Physics is just getting more and more boring for me

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  • #1
TechieDork
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I'm sorry if this sounds uncreative,immature or entitled but I'm going to be honest what I feel about my situation now.

I'm currently studying in the 2nd semester of sophomore year physics major and I feel like I have to force myself to wake up and go to the class.I feel like studying physics become more like a chore to me.

-I start to study/do only what's going to be a part of grading not because of pure curiosity and passion. I feel discouraged to put in more works.
Everyone knows sticking with the prescribed curriculum is the safest way to save your time and energy.
No one really cares if you spend 3 hours after the class to do the extra works if in the end you got a C+ in that course.Just memorize the way to solve the old exams/ worked problems in class and you will do fine.

-No more watching documentaries /history and development of a course that I'm studying.
In the relativity exam , it's not important to know that Einstein/Lorentz/David Hillbert developed the theory of relativity.

-They often tell me
"You will know this by the time you study in graduate school"

"You are currently only a half way of your undergraduate. You should not be worrying about the career path/ graduate school education"

"Academia/university system should not be your concern, it's not undergraduate student's business"

-Yesterday I asked the professor "Feynman was the developer of Q.E.D,right?" after he asked the class if anyone know about Richard P. Feynman.
But he responded:
"That's not what you suppose to know or concern about in your current education, you should be sticking with the given assignment right now"

But I understand what he means and realized that stuff is far beyond my current knowledges/expertises so I have to do the best on what I'm studying now.
 
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  • #2
symbolipoint
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-I start to study/do only what's going to be a part of grading not because of pure curiosity and passion.
Everyone knows sticking with the prescribed curriculum is the safest way to save your time and energy.
No one really cares if you spend 3 hours after the class to do the extra works if in the end you got a C+ in that course.
That is not very good.

Is the staff showing a poor attitude, or are you just forming a counterproductive one on your own?

If you only put in enough effort to earn C or C+, then maybe the result will be a grade less than C.
 
  • #3
PAllen
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Where are you studying? That sounds nothing like my undergrad experience. As a freshman, I attended (with encouragement) a talk by Gerard t’Hooft’ on his initial work with Veltman, of which I understood essentially nothing, but was encouraged to always grapple with material beyond my courses, to the extent I had time to do so.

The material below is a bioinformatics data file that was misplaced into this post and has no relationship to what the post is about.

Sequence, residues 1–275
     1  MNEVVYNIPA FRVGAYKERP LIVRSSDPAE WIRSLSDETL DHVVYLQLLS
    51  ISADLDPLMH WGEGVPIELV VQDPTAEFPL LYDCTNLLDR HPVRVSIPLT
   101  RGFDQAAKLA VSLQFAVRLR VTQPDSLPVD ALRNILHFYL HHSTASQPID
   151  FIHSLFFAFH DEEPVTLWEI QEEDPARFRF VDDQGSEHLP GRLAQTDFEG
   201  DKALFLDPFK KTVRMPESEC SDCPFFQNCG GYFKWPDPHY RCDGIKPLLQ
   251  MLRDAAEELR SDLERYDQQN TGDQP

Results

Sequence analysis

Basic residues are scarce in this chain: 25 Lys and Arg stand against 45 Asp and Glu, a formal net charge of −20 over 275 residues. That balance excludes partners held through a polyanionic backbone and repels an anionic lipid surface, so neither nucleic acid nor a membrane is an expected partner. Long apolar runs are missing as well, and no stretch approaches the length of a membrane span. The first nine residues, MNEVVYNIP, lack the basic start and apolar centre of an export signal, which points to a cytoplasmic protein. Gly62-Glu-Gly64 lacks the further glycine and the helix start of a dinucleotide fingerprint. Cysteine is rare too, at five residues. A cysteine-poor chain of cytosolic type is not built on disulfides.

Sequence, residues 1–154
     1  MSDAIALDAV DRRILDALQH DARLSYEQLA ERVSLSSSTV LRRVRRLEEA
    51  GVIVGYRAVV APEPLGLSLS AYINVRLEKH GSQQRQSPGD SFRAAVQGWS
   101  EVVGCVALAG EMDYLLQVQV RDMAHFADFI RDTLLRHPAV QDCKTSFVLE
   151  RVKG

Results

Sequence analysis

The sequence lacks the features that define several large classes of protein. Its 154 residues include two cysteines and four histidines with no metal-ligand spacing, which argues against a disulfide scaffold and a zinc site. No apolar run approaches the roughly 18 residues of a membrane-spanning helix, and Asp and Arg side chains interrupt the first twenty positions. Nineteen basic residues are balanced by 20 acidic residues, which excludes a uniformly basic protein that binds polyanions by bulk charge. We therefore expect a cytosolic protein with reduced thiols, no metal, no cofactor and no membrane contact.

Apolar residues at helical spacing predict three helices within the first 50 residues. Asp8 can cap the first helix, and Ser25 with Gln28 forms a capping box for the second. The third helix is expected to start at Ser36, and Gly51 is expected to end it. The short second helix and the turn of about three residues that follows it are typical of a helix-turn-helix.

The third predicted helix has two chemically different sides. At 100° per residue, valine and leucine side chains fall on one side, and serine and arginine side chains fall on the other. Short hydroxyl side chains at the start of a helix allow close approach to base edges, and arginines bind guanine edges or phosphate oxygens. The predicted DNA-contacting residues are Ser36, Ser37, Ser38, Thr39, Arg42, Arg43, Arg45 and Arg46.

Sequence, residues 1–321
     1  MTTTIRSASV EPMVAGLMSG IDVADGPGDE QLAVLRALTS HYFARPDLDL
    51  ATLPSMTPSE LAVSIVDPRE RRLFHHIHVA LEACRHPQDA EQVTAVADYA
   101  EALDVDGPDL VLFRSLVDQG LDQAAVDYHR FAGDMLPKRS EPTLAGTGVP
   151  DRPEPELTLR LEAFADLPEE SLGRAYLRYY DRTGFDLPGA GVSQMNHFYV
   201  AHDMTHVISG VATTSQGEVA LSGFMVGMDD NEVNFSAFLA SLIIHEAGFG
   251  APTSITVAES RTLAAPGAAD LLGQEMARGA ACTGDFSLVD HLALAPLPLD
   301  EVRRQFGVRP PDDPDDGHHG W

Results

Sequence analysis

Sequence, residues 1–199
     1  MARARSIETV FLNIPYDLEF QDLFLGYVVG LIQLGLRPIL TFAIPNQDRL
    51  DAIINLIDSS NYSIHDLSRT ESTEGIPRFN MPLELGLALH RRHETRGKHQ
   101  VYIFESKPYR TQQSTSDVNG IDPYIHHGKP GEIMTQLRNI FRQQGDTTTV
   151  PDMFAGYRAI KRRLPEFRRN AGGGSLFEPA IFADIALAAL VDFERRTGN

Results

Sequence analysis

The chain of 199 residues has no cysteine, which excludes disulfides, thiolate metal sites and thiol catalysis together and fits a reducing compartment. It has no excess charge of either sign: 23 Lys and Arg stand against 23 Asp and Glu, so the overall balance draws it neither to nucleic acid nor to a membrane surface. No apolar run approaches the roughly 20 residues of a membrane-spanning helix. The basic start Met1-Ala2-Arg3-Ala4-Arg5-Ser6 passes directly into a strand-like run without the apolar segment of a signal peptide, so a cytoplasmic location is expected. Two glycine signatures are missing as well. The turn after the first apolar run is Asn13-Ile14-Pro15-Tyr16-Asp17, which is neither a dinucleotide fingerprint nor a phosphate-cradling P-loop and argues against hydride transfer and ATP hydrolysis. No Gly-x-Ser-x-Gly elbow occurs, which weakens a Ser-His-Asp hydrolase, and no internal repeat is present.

• #4
TechieDork
55
22
That is not very good.

Is the staff showing a poor attitude, or are you just forming a counterproductive one on your own?

If you only put in enough effort to earn C or C+, then maybe the result will be a grade less than C.

-The staff does his job well ,I think it's just my counterproductive mentality starting to override.

What I'm going to say if in the end only final grade is truly matter why bother putting in more extra works/studies into it when it's not prescribed by the instructor.
It is not expected in the learning outcomes in the curriculum.
 
  • #5
sysprog
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I'm sorry if this sounds uncreative,immature or entitled but I'm going to be honest what I feel about my situation now.

I'm currently studying in the 2nd semester of sophomore year physics major and I feel like I have to force myself to wake up and go to the class.I feel like studying physics become more like a chore to me.

-I start to study/do only what's going to be a part of grading not because of pure curiosity and passion. I feel discouraged to put in more works.
Everyone knows sticking with the prescribed curriculum is the safest way to save your time and energy.
No one really cares if you spend 3 hours after the class to do the extra works if in the end you got a C+ in that course.Just memorize the way to solve the old exams/ worked problems in class and you will do fine.

-No more watching documentaries /history and development of a course that I'm studying.
In the relativity exam , it's not important to know that Einstein/Lorentz/David Hillbert developed the theory of relativity.

-They often tell me
"You will know this by the time you study in graduate school"

"You are currently only a half way of your undergraduate. You should not be worrying about the career path/ graduate school education"

"Academia/university system should not be your concern, it's not undergraduate student's business"

-Yesterday I asked the professor "Is Feynman was the developer of Q.E.D,right?" after he asked the class if anyone know about Richard P. Feynman.
But he responded:
"That's not what you suppose to know or concern about in your current education, you should be sticking with the given assignment right now"